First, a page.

Parallel Processing Symposium, International (1996)
Apr. 15, 1996 to Apr. 19, 1996
Yair I. Friedman , Institute of Computer Science
Dror G. Feitelson , Institute of Computer Science
Iaakov Exman , Institute of Computer Science
Most parallel languages provide means to express parallelism, e.g. a parallel-do construct, but no means to terminate the parallel activities spawned by such constructs. We propose three high-level primitives for this purpose, which are defined by analogies with primitives that break out of sequential iterative constructs. The primitives are pcontinue, which terminates the calling activity, pbreak, which terminates all the activities in the construct that spawned the calling activity, and return, which terminates all the activities created in the current function call. These constructs are especially useful in search problems, where an activity that finds a solution can terminate other activities that are investigating inferior approaches. Given that parallel constructs can be nested, activities form a tree rooted at the original activity that started the program. The main challenge in implementing pbreak and return is identifying the subtree of activities that should be killed. Three algorithms were designed and implemented, and experiments show that using these constructs can provide significant performance benefits.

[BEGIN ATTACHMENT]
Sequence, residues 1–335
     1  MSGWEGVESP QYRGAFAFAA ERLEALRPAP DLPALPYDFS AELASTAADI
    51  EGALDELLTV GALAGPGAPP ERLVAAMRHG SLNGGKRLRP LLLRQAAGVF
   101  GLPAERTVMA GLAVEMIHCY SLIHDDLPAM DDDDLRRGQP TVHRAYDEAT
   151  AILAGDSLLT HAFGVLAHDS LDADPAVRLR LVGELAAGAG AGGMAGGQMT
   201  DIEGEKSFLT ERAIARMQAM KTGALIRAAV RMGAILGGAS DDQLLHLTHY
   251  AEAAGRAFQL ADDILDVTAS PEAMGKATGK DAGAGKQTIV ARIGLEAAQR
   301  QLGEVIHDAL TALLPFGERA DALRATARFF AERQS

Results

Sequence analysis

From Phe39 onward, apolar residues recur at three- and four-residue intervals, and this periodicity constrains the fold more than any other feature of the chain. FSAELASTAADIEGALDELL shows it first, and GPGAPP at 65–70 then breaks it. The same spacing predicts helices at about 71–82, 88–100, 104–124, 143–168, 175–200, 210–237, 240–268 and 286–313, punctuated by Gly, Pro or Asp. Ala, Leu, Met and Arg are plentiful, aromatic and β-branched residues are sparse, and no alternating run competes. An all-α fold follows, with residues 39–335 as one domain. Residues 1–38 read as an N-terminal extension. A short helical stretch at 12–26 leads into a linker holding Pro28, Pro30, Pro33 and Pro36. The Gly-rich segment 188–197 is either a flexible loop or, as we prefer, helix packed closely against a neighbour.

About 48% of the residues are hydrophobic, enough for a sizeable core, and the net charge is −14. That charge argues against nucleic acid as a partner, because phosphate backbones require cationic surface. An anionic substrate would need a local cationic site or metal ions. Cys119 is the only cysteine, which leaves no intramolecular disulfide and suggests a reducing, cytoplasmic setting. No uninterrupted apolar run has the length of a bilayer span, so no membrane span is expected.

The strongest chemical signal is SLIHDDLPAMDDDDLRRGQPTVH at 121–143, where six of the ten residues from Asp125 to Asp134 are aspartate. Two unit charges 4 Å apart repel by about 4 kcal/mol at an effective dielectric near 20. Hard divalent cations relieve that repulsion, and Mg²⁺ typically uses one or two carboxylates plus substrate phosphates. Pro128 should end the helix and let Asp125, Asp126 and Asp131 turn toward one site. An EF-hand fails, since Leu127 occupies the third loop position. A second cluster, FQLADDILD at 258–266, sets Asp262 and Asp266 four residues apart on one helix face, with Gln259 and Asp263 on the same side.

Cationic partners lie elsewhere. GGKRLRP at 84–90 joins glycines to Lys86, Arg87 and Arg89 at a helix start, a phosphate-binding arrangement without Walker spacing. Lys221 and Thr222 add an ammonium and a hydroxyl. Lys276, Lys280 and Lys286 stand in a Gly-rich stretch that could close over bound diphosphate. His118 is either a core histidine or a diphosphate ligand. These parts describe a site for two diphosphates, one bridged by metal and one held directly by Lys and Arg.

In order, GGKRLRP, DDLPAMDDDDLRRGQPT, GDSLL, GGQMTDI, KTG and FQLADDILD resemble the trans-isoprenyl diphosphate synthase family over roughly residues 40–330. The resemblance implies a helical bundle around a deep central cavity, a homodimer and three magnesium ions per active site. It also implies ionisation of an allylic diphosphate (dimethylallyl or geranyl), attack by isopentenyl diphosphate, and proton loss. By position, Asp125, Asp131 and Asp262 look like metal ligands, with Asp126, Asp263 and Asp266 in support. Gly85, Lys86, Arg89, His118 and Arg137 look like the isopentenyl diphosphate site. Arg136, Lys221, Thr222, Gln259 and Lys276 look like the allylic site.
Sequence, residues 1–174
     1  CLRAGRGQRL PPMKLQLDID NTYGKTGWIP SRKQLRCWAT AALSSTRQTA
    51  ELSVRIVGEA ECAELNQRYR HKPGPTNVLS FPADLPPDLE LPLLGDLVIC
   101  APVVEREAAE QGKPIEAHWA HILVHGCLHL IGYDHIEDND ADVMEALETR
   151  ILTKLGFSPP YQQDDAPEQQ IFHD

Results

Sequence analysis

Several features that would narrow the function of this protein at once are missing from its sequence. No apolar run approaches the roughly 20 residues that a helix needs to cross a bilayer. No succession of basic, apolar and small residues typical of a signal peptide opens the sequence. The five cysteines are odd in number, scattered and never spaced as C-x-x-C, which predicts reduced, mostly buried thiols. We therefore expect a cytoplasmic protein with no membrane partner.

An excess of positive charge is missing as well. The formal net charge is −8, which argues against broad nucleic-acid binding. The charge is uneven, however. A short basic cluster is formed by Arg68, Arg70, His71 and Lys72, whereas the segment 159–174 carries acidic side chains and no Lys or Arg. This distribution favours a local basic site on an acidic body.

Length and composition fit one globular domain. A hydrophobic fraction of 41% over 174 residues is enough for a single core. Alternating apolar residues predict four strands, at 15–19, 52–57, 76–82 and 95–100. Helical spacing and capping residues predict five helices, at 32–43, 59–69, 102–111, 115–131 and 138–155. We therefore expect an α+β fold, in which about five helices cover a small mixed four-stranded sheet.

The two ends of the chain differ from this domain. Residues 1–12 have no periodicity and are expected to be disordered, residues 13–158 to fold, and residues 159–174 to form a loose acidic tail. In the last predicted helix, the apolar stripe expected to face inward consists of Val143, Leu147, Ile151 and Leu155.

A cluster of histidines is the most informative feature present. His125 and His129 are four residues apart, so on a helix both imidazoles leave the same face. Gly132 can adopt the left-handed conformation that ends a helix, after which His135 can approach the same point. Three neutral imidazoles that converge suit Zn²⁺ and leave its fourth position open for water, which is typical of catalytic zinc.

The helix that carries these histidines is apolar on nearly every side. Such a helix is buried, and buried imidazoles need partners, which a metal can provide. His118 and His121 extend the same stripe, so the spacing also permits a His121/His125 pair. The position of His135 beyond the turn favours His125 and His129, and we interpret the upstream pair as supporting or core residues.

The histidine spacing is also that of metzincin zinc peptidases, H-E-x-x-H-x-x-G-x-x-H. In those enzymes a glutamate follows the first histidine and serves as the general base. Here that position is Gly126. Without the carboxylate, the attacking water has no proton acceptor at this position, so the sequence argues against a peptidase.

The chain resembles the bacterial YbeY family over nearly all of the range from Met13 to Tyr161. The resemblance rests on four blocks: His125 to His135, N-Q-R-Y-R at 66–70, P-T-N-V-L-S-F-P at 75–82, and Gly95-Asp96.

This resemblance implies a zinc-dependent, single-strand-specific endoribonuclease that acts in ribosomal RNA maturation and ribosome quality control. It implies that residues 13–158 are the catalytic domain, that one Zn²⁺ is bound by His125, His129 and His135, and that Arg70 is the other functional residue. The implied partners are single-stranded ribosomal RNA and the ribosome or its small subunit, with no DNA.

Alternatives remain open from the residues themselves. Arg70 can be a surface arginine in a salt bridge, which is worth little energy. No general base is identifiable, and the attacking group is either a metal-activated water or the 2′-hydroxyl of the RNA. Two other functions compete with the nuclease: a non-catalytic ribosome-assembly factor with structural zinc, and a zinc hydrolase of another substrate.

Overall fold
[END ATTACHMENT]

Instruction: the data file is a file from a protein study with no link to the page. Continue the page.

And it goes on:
parallel constructs, forced termination, kill, abort, break, ParC
Yair I. Friedman, Dror G. Feitelson, Iaakov Exman, "The Parallel Break Construct, or How to Kill an Activity Tree", Parallel Processing Symposium, International, vol. 00, no. , pp. 230, 1996, doi:10.1109/IPPS.1996.508063